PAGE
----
Major historical moments sometimes pass almost unnoticed. Last month we witnessed not only a major breakthrough in addressing tensions in the Middle East, but perhaps a major breakthrough in how our planet might better address lawlessness and crisis.
Surprisingly it was not national governments that instigated the change, but ordinary people across the globe forcefully calling for diplomacy and the rule of law rather than military intervention in addressing the crime of the use of chemical weapons. The British Parliament refused to support their prime minister’s call to back the U.S. in using military strikes against Syria. Most other countries’ governments agreed.
President Barack Obama and Congress took the cue from a deluge of calls opposing military strikes against Syria and the risk of yet another war. Obama engaged Congress before unilaterally allowing an act of war. And the Russian government applied diplomacy in calling for Syria to relinquish its chemical weapons. All this happened so quickly, so amazingly, that the press and most of us were not able to take it sufficiently in.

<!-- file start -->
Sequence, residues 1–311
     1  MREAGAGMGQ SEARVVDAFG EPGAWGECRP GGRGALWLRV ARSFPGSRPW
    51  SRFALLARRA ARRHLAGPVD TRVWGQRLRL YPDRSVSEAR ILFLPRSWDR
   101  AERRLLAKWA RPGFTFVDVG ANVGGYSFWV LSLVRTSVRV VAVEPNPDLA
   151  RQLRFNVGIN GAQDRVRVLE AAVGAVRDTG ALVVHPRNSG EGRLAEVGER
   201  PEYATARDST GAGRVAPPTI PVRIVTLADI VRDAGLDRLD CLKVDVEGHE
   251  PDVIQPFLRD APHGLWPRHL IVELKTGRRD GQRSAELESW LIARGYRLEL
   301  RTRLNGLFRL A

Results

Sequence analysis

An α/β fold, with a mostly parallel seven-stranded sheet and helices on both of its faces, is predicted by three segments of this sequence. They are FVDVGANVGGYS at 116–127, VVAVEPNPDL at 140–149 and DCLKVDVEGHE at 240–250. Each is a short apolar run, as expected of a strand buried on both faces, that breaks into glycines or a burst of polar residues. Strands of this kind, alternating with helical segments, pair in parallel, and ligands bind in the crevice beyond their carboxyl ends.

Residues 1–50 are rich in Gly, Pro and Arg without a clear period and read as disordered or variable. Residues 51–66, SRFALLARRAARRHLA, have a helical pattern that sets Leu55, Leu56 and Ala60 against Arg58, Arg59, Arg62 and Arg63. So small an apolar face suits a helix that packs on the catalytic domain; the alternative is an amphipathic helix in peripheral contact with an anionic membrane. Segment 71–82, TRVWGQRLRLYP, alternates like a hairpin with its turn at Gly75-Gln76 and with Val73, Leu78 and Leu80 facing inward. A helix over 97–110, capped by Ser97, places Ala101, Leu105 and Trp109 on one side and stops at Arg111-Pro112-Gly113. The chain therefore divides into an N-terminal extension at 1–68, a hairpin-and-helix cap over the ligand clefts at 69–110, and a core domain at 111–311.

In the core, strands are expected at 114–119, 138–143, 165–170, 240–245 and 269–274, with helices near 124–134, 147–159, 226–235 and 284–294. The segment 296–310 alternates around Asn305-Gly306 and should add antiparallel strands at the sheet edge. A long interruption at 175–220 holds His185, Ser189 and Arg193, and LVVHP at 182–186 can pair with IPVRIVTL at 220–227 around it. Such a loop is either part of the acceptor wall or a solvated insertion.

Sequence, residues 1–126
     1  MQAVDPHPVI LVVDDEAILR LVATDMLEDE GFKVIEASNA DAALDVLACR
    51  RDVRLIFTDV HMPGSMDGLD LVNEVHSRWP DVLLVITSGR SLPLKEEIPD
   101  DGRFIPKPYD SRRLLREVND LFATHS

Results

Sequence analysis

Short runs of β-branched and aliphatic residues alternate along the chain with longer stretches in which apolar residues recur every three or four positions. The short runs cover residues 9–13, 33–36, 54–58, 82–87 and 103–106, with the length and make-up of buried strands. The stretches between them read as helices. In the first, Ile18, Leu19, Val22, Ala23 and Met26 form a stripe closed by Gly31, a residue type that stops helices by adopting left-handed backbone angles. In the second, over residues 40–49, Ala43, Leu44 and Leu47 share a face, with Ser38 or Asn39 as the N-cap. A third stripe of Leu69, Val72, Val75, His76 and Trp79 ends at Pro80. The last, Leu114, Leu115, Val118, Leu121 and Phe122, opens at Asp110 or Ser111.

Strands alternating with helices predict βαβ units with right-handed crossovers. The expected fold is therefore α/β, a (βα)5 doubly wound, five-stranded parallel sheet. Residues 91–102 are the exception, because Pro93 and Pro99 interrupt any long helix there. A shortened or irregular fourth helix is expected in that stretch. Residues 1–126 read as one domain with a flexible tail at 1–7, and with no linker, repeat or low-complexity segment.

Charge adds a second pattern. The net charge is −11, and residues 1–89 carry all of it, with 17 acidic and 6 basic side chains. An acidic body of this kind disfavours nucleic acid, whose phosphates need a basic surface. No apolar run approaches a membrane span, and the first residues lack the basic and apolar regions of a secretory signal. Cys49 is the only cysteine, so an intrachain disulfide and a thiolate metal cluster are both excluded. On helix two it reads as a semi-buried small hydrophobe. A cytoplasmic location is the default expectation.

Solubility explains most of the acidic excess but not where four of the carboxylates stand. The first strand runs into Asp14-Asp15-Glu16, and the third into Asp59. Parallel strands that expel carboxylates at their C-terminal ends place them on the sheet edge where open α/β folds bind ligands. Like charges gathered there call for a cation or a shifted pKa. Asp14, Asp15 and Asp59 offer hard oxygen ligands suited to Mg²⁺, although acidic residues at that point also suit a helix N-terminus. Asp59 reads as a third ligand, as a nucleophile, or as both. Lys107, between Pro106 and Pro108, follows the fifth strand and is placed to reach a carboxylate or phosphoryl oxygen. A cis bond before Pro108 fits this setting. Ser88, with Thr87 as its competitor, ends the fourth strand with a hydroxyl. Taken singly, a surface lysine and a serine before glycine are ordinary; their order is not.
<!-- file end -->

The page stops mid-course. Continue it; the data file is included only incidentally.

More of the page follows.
And now, in perhaps an even more important matter, Obama has broken a 34-year silence between the U.S. and Iran by making a call and engaging in a diplomatic effort to address nuclear disarmament and improving relations between the two countries and thus the whole of the Middle East. And perhaps most important of all, we are all now more aware of the importance of the rule of international law, cooperation, and accountability to ourselves as a whole planet, not just as exceptional, entitled and individual nations.
Violence and war are not effective answers to addressing injustice. What works is abiding by just laws, accountability for those who break them, and engaging in conversations and diplomacy about differences and injustice whether it be in our homes, our local communities or in the international community.
This past month has provided an encouraging moment in history, and I am deeply grateful.